Avoiding disputes in cross-border contracts: key negotiating points

26th January 2015

Effective negotiation of contractual terms is one of the best ways to minimise the risk of disputes.  Failure to address key issues before entering into a contract can exacerbate disputes if and when they do arise, particularly in an international context. Certain terms, such as governing law and jurisdiction, may appear of little importance  to non-lawyer negotiators but can fundamentally affect the ability to obtain a remedy in the event of default by the other party. In this article we discuss key contractual terms which should be considered during negotiations for cross-border contracts.   


Whilst many international companies are able and willing to communicate in English, it is unlikely that they will be fluent, particularly in relation to complicated technical or legal language.  In order to avoid any ambiguities or misunderstandings, you should seek to agree an authoritative language and provide that, where the contract is translated into another language, the contract (and any notices served under the contract) in the authoritative language takes precedence.  In many cases you will be able to agree that English is the authoritative language. If any other documents are required to be translated, you will need to consider whether provision should be made for the document to be notarized or similar to be enforceable.  If there are any terms which appear ambiguous, we always recommend that these are specifically addressed and clarified before the contract is executed.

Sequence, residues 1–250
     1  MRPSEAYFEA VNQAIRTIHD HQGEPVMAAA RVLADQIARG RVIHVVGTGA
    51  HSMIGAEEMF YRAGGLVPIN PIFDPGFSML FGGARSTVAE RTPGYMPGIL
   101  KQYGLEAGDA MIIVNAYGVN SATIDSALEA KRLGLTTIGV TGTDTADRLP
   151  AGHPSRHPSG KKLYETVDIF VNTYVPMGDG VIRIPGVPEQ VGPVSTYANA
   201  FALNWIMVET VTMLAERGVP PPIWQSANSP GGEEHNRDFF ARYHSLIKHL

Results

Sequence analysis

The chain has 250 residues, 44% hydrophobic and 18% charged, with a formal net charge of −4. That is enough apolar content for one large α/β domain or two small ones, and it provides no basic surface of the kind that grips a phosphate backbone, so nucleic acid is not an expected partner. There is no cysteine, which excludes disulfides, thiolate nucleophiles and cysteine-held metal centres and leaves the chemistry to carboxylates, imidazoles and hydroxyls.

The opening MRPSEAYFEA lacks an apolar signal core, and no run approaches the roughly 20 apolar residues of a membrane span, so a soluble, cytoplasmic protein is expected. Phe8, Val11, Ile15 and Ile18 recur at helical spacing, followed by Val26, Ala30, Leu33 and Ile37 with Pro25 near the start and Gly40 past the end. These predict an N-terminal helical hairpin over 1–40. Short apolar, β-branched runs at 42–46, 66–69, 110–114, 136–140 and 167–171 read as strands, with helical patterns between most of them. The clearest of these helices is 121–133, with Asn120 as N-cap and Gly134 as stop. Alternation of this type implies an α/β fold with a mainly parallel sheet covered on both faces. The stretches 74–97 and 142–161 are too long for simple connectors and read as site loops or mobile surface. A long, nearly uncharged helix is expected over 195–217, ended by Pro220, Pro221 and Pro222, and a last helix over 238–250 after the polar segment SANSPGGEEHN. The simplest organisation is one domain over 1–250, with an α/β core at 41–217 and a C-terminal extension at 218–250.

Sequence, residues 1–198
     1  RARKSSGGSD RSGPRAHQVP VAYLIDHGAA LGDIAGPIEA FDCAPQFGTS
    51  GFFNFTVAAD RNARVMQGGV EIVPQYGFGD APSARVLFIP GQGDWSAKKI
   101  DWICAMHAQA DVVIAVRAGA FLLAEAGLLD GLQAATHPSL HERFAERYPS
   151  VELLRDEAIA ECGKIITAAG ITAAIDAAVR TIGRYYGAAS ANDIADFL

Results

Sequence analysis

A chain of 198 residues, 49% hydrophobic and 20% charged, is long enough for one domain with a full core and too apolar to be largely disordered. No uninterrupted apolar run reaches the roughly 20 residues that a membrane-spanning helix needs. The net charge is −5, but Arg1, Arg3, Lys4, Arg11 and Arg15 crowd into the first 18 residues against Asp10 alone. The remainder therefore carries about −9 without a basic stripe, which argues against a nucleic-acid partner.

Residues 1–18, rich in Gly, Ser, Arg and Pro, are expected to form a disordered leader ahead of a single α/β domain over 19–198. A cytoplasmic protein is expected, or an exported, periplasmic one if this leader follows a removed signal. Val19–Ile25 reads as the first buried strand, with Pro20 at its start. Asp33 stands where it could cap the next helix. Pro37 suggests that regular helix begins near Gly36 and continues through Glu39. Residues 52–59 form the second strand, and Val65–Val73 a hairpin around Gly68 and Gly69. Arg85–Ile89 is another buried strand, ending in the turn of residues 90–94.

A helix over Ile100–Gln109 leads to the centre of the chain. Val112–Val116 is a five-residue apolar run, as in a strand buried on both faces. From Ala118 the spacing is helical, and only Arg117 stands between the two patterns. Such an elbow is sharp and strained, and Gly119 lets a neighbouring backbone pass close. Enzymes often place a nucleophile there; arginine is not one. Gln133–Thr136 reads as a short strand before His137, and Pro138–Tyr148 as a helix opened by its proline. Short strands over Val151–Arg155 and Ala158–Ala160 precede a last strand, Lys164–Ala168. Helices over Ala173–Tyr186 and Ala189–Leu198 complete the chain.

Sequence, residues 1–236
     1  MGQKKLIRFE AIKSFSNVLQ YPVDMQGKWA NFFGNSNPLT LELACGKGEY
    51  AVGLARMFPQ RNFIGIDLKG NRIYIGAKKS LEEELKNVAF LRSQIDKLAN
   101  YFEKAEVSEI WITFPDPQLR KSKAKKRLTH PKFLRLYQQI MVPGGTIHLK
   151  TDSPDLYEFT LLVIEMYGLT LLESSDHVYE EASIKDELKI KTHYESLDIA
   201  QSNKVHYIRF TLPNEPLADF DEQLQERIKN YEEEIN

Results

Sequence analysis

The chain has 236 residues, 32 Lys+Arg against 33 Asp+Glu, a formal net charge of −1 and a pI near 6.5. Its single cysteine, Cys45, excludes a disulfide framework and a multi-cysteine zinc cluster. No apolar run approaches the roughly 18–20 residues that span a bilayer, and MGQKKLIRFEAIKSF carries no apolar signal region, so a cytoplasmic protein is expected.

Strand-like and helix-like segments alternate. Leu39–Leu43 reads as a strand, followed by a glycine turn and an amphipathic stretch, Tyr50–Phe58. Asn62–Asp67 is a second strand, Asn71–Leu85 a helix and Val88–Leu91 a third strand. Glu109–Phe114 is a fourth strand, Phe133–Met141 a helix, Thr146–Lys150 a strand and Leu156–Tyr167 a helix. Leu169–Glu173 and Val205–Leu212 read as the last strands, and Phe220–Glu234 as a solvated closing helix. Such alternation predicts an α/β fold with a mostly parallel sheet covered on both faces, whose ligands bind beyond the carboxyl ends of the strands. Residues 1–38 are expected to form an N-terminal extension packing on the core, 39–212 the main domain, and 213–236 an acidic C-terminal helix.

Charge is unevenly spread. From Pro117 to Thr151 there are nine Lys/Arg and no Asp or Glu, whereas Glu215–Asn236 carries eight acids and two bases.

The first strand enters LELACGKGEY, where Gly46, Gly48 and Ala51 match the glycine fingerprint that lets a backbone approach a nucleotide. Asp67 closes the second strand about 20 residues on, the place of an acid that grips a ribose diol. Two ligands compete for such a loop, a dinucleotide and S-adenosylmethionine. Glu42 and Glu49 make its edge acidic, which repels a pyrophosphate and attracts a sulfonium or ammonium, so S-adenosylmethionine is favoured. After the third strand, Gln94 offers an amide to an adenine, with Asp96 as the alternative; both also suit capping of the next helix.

Governing Law

What law will govern the interpretation of the contract?  This can have a significant effect on the parties’ rights and remedies under the contract.  One law may give effect to a particular clause, whilst another law may find it to be unenforceable.

If the contract is silent, the Court in which any dispute is raised will follow its own procedure for determining the governing law.  In the EU this will usually involve the application of Rome I (the Rome Regulation on the law applicable to contractual obligations).  Although it may be possible to predict what the courts may hold to be the governing law, this can still leave uncertainty and scope for satellite disputes.

It is therefore advisable in almost all international contracts for the parties to agree the applicable law and ensure that the choice is expressed clearly in writing.


Which body will determine any disputes arising out of the contract? This choice will have a significant practical effect on the outcome for your company in the event that a dispute arises.  The additional cost, time, language and travel pressures of conducting litigation in a foreign country may mean that for practical reasons, your company is unable to obtain the relief it would be entitled to.